A bill allowing police to use drones for surveillance of large events is still alive at the statehouse despite failing to get enough votes Friday.

The Senate passed Senate Bill 2562 earlier this month 36-2. When it was brought up in the House on Friday, it didn’t find nearly that level of support. Rather, there was plenty of bipartisan opposition.

The bill would allow police to get a permit from the Federal Aviation Administration to fly unmanned aerial vehicles, or UAVs, at events with more than 100 people to conduct public safety surveillance. The measure would require a report on such use every year.

State Rep. Michael McAuliffe, R-Chicago, said the measure will help law enforcement watch over large gatherings in public places.

“If another city championship or state championship would happen and there was a large gathering at Grant Park, I’m sure that the drone system would be used there in case, just in case, somebody wanted to harm people that that way law enforcement can find who the people are and act quickly,” McAuliffe said. “We don't want a repeat of Las Vegas. Not in the city of Chicago, not anywhere in this state.”

More than 50 people were killed and hundreds injured in October when a gunman fired on an outdoor country music festival from the 32nd floor of a Las Vegas hotel.

Khadine Bennett, of the American Civil Liberties Union of Illinois, said she opposed the bill as it was written. She said drone surveillance wouldn't have stopped the Las Vegas shooting from happening.

“Unless they knew exactly what window that shooter was in, they would have never been able to use a drone to identify them unless they were using a drone to peak into everyone’s hotel room and that violates people’s privacy,” Bennett said.

Rep. Steven Reick, R-Woodstock, opposed the bill, calling it “Orwellian.”

“It will create a chilling environment upon public discourse if what we do is know that there’s somebody looking over our shoulder who someday might be able to use that against us.” Reick said. “I’m troubled by this bill.”

Rep. Ann Williams, D-Chicago, also opposed the bill.

“So Merriam-Webster [Dictionary] characterizes a police state as a political unit characterized by repressive governmental control of political, economic, and life by an arbitrary exercise of power by police,” Williams said. “We are getting wildly close to that here.”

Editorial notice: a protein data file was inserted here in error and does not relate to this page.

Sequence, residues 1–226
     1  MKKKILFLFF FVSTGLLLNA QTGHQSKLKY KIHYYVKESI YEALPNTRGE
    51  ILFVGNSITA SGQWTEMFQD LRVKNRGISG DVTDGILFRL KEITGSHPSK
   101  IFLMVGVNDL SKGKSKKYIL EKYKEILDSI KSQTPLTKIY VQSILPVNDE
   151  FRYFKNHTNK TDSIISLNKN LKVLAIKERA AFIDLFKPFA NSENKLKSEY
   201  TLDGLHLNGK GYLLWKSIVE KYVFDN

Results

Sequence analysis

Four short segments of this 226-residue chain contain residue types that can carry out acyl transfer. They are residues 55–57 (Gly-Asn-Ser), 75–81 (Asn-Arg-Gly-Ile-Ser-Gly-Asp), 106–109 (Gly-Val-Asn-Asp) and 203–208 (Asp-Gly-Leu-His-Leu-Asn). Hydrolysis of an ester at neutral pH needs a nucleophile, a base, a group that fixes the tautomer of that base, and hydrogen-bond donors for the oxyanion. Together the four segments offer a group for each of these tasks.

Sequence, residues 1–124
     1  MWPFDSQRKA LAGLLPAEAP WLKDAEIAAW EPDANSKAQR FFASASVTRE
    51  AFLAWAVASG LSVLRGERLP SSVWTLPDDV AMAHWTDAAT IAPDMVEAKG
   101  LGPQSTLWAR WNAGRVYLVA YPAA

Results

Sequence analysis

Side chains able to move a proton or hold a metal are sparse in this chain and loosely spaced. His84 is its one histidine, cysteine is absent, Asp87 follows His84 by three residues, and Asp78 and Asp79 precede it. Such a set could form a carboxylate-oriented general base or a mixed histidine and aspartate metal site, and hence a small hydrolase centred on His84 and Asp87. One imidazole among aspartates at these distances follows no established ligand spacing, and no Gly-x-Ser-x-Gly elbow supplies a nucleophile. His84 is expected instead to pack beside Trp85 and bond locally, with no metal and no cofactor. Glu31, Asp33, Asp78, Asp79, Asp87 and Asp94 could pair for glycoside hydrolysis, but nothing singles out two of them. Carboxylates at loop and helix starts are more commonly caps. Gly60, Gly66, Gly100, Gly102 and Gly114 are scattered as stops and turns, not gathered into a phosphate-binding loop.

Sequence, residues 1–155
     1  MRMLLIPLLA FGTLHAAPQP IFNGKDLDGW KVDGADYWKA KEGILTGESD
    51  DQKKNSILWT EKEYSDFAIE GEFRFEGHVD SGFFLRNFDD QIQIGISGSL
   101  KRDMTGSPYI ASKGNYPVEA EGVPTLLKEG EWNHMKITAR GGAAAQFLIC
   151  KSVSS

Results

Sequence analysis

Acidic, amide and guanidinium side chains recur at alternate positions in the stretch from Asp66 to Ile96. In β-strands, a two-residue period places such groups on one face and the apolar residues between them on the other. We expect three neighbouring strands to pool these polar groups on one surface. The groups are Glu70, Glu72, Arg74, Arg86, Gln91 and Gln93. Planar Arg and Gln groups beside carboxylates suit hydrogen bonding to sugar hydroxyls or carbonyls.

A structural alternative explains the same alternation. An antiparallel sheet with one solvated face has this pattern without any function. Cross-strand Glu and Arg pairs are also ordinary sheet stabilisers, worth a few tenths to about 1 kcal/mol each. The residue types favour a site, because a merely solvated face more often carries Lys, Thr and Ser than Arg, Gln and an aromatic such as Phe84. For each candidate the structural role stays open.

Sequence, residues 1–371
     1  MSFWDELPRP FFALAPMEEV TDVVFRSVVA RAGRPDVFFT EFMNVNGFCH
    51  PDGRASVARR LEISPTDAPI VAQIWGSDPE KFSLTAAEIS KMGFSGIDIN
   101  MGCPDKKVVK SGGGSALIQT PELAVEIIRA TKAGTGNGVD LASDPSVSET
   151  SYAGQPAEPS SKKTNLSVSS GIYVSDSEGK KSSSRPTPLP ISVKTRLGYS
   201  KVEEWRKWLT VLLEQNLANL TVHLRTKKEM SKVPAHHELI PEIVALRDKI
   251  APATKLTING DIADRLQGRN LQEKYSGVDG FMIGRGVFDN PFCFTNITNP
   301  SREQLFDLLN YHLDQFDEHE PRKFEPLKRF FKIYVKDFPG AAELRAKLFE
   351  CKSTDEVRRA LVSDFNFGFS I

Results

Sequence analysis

Williams said she worried if the measure passed, drones could be used at benign gatherings like children’s baseball games or large picnics. That concern was echoed by state Rep. Andre Thapedi, who worried about block parties being monitored in south Chicago.

Lawmakers also raised concerns that the bill would allow for facial recognition technology that could scan crowds and catalog the identity of participants.

Supporters of the bill said such technology isn’t being used by law enforcement.

State Rep. Tim Butler, R-Springfield, pointed to news reports of police departments using Amazon's facial recognition software.

“The technology is here,” Butler said.

Rep. Allen Skillicorn, R-East Dundee, said state law allows police to use drones for surveillance after getting a warrant from a judge.

“It concerns me that we want to expand this here,” Skillicorn said. “It's not that hard to get a warrant. It’s not that hard to get probable cause. I say that we stick to that burden.”

State Rep. John Cabello, R-Rockford, supported the measure.

“We ask law enforcement to do and keep us safe at all times but then we don’t give them tools to utilize to be able to do that and then we criticize because they didn’t keep us safe or they didn’t stop what was taking place quick enough,” Cabello said. “There is no expectation of privacy in public places. There are cameras all over the United States.”

After the bill garnered 54 votes – not enough to pass the House – bill sponsor John D’Amico, D-Chicago, placed the bill on postponed consideration, meaning the measure could be brought up for another vote.

Reporter

Greg Bishop reports on Illinois government and other statewide issues for INN. Bishop has years of award-winning broadcast experience, and previously hosted “The Council Roundup,” as well as “Bishop On Air,” a morning-drive current events talk show.

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